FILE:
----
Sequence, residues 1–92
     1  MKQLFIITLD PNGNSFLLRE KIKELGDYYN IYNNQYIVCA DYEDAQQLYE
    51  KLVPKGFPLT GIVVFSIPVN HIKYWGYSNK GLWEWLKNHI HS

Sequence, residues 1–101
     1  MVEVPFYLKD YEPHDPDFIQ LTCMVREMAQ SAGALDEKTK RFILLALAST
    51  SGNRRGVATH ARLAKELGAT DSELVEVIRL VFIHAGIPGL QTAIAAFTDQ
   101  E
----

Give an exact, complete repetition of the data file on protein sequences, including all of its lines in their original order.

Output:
Sequence, residues 1–92
     1  MKQLFIITLD PNGNSFLLRE KIKELGDYYN IYNNQYIVCA DYEDAQQLYE
    51  KLVPKGFPLT GIVVFSIPVN HIKYWGYSNK GLWEWLKNHI HS

Sequence, residues 1–101
     1  MVEVPFYLKD YEPHDPDFIQ LTCMVREMAQ SAGALDEKTK RFILLALAST
    51  SGNRRGVATH ARLAKELGAT DSELVEVIRL VFIHAGIPGL QTAIAAFTDQ
   101  E